Sweet potatoes are one of the most versatile and nutritious vegetables on the market today. They are a very common vegetable in many Asian cultures, though they have yet to catch on as much in the Western diet, as they are mostly thought of as a holiday food. A warm weather vegetable, sweet potatoes are grown all across the United States, but nowhere more so than these five states.
With the sweet potato as its state vegetable, it’s no surprise that North Carolina is the No. 1 sweet potato producing state in the country. According to statistics compiled by the United States Department of Agriculture, North Carolina produced, on average, 5,260,277 cwt a year from 1990 to 2007. (A cwt is a unit of measurement used in agriculture, meaning one hundred weight).
Louisiana is known for many things: the birthplace of Elvis, Mardi Gras in New Orleans and Cajun food. It is not necessarily well-know for sweet potatoes, but it's the second-highest sweet potato producing state in the country, with an average of 2,795,055 cwt between 1990 to 2007. Since the sweet potato is a warm weather vegetable, Louisiana is able to grow sweet potatoes year-round. Louisiana agriculture is also composed of sugarcane, cotton and soybeans.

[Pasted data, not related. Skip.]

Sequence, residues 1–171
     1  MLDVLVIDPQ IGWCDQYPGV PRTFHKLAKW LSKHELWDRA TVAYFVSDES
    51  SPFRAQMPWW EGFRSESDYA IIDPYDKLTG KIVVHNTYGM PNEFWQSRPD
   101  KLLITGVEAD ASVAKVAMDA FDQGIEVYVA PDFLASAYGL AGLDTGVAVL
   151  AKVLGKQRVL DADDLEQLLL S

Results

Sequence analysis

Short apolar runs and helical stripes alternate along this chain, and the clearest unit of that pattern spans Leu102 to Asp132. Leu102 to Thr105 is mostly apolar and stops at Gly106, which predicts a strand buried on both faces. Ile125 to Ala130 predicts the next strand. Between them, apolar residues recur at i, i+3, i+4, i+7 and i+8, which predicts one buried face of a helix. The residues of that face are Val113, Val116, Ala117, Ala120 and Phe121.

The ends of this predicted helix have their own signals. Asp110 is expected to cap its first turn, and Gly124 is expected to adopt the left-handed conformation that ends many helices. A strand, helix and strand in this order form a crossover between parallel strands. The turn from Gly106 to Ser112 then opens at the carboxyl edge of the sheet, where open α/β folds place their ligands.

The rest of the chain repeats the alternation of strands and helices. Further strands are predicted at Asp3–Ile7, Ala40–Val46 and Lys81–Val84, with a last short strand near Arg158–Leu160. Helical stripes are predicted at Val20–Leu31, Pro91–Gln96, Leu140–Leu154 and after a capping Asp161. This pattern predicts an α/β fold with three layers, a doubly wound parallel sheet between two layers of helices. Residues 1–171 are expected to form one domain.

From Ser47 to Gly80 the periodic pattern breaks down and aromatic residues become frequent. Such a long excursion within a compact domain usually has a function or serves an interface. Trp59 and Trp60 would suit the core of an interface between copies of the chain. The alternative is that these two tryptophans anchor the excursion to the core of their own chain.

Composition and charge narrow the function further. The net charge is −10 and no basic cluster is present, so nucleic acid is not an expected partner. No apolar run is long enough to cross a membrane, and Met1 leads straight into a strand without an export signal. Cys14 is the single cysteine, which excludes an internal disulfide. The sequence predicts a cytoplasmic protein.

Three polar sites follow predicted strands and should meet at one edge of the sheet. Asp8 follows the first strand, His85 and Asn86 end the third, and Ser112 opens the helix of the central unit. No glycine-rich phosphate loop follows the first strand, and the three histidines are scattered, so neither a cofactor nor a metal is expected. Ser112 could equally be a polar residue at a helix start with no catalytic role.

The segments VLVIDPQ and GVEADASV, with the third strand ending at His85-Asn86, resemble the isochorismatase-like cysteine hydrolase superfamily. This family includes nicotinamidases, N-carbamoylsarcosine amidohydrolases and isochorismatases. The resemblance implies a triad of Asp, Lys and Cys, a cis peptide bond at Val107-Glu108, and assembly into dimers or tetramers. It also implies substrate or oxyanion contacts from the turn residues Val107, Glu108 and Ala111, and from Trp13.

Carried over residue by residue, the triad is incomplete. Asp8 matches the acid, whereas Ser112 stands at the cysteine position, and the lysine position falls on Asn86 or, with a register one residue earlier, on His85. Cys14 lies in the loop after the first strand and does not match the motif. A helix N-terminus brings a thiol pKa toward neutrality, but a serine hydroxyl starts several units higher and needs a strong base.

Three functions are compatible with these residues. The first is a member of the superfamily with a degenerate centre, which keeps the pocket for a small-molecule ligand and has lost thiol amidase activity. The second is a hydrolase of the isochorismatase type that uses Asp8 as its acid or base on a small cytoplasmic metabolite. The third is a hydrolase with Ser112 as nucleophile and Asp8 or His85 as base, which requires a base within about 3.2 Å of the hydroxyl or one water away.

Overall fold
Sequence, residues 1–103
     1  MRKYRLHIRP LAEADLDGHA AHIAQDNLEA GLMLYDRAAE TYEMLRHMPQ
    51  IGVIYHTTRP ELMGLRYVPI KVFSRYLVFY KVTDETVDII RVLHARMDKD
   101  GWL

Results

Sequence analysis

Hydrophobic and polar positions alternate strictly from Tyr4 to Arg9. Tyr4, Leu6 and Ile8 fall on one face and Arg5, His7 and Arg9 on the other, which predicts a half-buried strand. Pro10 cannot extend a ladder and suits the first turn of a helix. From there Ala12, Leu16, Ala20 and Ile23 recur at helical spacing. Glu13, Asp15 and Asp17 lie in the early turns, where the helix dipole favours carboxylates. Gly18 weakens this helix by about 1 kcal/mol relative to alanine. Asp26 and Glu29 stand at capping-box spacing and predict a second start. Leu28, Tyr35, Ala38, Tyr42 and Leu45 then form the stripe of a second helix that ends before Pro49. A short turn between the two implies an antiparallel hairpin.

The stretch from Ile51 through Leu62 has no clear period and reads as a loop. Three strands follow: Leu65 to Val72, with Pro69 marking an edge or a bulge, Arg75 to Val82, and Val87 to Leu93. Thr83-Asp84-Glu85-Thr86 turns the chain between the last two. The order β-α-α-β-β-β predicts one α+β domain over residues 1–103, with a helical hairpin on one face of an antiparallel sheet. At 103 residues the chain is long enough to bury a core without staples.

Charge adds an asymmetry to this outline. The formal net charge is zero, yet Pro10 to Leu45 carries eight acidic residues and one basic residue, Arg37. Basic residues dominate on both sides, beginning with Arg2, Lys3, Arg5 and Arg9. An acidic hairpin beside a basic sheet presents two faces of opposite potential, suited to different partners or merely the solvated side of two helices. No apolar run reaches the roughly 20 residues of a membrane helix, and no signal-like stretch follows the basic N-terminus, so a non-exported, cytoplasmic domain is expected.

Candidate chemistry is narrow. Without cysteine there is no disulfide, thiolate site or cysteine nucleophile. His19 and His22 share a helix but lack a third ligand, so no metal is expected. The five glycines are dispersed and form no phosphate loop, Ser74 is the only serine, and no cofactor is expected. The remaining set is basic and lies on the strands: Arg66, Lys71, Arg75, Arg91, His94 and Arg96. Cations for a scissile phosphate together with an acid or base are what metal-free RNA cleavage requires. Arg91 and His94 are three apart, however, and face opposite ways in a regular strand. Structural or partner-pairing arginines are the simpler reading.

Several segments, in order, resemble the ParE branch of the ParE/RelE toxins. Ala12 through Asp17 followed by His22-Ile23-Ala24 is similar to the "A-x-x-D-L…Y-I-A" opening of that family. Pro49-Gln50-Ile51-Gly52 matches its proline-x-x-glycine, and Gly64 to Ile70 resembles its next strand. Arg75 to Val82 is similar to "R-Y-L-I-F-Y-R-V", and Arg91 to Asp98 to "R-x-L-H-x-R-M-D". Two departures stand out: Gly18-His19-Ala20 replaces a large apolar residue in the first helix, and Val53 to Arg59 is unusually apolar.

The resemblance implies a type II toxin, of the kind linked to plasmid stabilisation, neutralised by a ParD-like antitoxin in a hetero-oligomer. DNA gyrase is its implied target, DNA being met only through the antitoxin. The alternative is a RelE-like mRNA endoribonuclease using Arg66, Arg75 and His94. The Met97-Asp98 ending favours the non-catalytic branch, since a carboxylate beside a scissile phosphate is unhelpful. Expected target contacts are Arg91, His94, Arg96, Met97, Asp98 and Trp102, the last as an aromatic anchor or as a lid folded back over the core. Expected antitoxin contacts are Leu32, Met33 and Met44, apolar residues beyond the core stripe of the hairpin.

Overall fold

With its warm climate, California is an ideal state for growing many different fruits and vegetables, the sweet potato being one of them. California weighs in as the third highest sweet potato producing state in the country, with an average of 2,487,500 cwt between 1990 to 2007. California is also known for its raisins, dairy products, figs and olives. The state produces more than half the countries fruits, nuts and vegetables.
Coming in fourth in sweet potato production is Mississippi, with an average of 1,607,444 cwt from 1990 to 2007. Though most people don’t associate Mississippi with sweet potatoes, the state is known for its agriculture, as its warm climate makes it ideal for growing cotton, soybeans, rice and other plants.
Last, but not least, Texas rounds out the top five list of sweet potato producing states, with an average of 492,888 cwt per year between 1990 to 2007. As the second largest industry in the state, Texas is known for its agriculture, especially its cattle ranches, wool and cotton production. The state also grows much of the country’s corn, wheat and hay.
Jackie Stark is the education reporter for a small-town newspaper. First published in 2007, she has covered a wide range of topics, from Pres. Obama's election victory to international travel. Stark holds a Bachelor of Fine Arts in English from Northern Michigan University.